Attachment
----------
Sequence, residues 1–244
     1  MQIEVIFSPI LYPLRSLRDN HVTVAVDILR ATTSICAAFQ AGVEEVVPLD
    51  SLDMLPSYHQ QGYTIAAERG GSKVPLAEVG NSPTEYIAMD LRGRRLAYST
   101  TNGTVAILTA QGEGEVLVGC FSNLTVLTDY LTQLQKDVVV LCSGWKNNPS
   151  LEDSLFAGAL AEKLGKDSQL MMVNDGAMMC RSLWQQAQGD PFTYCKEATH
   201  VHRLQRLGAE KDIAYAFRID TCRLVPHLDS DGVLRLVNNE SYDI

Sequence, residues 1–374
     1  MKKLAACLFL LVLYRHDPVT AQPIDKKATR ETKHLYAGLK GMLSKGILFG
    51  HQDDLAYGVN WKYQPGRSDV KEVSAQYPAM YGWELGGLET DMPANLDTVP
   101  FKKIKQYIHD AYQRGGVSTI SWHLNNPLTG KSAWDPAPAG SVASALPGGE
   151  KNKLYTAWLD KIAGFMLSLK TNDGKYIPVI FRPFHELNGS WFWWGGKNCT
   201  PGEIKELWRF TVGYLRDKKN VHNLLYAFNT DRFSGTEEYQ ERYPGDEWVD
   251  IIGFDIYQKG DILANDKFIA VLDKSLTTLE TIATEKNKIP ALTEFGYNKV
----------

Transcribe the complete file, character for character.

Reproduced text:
Sequence, residues 1–244
     1  MQIEVIFSPI LYPLRSLRDN HVTVAVDILR ATTSICAAFQ AGVEEVVPLD
    51  SLDMLPSYHQ QGYTIAAERG GSKVPLAEVG NSPTEYIAMD LRGRRLAYST
   101  TNGTVAILTA QGEGEVLVGC FSNLTVLTDY LTQLQKDVVV LCSGWKNNPS
   151  LEDSLFAGAL AEKLGKDSQL MMVNDGAMMC RSLWQQAQGD PFTYCKEATH
   201  VHRLQRLGAE KDIAYAFRID TCRLVPHLDS DGVLRLVNNE SYDI

Sequence, residues 1–374
     1  MKKLAACLFL LVLYRHDPVT AQPIDKKATR ETKHLYAGLK GMLSKGILFG
    51  HQDDLAYGVN WKYQPGRSDV KEVSAQYPAM YGWELGGLET DMPANLDTVP
   101  FKKIKQYIHD AYQRGGVSTI SWHLNNPLTG KSAWDPAPAG SVASALPGGE
   151  KNKLYTAWLD KIAGFMLSLK TNDGKYIPVI FRPFHELNGS WFWWGGKNCT
   201  PGEIKELWRF TVGYLRDKKN VHNLLYAFNT DRFSGTEEYQ ERYPGDEWVD
   251  IIGFDIYQKG DILANDKFIA VLDKSLTTLE TIATEKNKIP ALTEFGYNKV